Staying on the right side of compliance
In the 403-page Centers for Medicare & Medicaid Services proposed rule, there has been a lot of discussion around arbitration, quality and education. But buried within also are new regulations around compliance programs.
Since the Affordable Care Act required skilled nursing facilities to have a compliance program in place by March 2013, many providers think they're fine. But compliance is an area where administrators tend to say, “Here's our code of conduct, here are our regulations listed, peace out.” The new rule means surveyors will now be looking at effective compliance programs and charting the appropriate F-Tag violation, according to attorney Paula G. Saunders, principal in healthcare practice at Post and Schell in Pennsylvania, and Janine Valdez, vice president of compliance at Genesis HealthCare Inc. This will start a year after the final rule goes into effect.
Have they got your attention yet?
Let's start with the basics, which is organizations with five or more SNFs need a designated compliance officer, presumably one in the corporate office. This compliance officer needs industry knowledge, communication skills and the ability to be objective. Additionally there will be a “compliance liaison” at each building who reports to the operating body — this will often be the nursing home administrator.
Next, Sanders and Valdez explained how there must be mandatory compliance training not just for full-time staff, but volunteers and contractual employees, such as the medical director.
This could mean “face-to-face training time,” or a learning management system, Valdez said. Either way, “we are talking about a documented process,” where you have records you can give the surveyor that says everyone has been through compliance training.
There needs to be an annual reassessment of the program, which may mean each administrator filling out a questionnaire with the chief compliance officer discussing where posters are hung, confirmation of triple-check, or any other compliance questions.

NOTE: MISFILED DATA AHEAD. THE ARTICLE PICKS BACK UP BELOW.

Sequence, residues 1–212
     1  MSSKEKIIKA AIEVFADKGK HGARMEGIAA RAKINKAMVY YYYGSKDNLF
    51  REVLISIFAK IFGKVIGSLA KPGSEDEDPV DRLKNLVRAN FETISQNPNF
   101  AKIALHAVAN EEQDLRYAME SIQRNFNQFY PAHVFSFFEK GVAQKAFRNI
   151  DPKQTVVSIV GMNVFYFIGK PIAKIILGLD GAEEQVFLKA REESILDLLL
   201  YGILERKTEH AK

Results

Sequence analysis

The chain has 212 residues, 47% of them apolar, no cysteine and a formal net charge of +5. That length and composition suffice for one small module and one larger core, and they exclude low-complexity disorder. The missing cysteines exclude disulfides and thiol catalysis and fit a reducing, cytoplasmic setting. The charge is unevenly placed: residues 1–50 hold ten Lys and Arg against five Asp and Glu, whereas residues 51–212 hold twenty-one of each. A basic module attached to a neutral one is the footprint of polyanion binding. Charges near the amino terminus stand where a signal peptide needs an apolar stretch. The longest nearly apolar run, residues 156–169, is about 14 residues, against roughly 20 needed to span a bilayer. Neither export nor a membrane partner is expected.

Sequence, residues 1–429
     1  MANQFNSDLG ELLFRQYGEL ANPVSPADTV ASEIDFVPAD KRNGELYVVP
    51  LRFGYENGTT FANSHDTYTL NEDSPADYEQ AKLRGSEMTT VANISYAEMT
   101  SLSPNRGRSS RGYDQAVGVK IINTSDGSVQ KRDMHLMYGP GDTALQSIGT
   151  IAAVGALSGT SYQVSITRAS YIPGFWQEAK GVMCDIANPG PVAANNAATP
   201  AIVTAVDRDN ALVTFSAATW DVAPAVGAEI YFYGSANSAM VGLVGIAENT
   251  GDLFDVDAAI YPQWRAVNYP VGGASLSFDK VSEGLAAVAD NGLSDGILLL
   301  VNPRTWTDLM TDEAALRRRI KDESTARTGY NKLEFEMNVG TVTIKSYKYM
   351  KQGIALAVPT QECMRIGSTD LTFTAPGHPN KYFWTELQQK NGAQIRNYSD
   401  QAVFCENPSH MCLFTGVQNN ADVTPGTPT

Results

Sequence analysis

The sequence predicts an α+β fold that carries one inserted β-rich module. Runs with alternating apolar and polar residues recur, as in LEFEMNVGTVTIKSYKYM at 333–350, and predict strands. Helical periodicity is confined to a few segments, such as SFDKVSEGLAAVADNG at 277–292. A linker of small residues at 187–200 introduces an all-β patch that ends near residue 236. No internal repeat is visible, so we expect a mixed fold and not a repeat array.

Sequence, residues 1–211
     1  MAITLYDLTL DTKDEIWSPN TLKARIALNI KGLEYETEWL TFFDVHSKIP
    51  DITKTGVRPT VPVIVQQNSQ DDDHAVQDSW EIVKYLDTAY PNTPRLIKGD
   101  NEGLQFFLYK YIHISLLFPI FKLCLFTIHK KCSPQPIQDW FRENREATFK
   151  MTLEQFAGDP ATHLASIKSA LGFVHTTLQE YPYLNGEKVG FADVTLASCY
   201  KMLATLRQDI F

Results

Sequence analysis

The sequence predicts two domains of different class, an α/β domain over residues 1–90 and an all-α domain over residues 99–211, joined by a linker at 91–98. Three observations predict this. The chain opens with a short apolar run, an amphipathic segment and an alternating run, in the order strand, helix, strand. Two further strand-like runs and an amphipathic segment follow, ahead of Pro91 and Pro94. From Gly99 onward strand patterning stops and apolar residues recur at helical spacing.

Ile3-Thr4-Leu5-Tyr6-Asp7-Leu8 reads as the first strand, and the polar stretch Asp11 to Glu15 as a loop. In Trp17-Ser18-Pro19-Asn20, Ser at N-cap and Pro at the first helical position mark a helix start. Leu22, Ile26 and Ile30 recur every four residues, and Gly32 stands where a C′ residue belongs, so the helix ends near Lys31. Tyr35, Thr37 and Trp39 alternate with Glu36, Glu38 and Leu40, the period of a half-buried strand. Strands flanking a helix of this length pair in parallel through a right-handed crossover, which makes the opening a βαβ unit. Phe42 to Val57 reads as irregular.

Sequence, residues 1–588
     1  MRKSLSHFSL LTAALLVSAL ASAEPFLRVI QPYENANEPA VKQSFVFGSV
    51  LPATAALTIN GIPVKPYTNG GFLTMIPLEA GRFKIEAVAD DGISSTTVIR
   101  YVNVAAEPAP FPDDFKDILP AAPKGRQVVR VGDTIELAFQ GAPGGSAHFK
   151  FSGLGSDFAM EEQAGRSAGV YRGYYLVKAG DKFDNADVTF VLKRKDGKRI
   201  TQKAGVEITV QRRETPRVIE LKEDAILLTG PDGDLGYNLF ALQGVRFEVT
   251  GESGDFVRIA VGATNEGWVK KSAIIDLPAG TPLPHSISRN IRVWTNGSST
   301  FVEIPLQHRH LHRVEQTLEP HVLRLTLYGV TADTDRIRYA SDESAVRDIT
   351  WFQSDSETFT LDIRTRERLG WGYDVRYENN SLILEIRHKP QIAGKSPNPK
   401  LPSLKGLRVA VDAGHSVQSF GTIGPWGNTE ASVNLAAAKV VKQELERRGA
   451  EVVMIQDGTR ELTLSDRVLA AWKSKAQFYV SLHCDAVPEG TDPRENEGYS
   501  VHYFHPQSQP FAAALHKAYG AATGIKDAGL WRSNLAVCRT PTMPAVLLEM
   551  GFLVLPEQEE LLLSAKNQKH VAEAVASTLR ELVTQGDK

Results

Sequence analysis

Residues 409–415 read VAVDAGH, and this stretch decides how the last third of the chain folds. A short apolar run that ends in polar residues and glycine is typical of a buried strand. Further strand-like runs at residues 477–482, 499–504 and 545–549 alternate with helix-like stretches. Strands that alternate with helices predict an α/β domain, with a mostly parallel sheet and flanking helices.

Where lawyers such as Sanders become concerned is around periodic external audits and meeting surveyor standards.
“How do we do evidence-based proof?” Sanders posed. “The Code of Conduct should be easy — own it now, personalize it. But while a lot of people have a code of conduct, they do not have policies and procedures around compliance.”
More objective is catching employees excluded from participating in Medicare or Medicaid — in addition to the OIG exclusion list, facilities also need to check state databases. Some states require checking once a month.
“The government is looking for people,” Valdez warned.
It ultimately comes down to being proactive, Sanders said, and documenting when there's a problem.
“You need a documented process for correction. The corrective action may be repayment or training. Have enforcement disciplinary measures,” Valdez warned. “If someone violated the code, you need something that shows your standards.”
Elizabeth Leis Newman is Senior Editor at McKnight's. Follow her @TigerELN.
Elizabeth's Etiquette Tip: Social media is still a new frontier, and unfortunately can bring out the worst in people. Three easy tips: First, around 80% of your organization's feed should be discussing or promoting someone or something else, while 20% can be “We're awesome.” Two, remind employees the same harassment policies apply to interactions online. Three, don't pitch your products to another organization or media outlet through social media — it's not going to get you anywhere, and comes across as tacky. Send an email instead.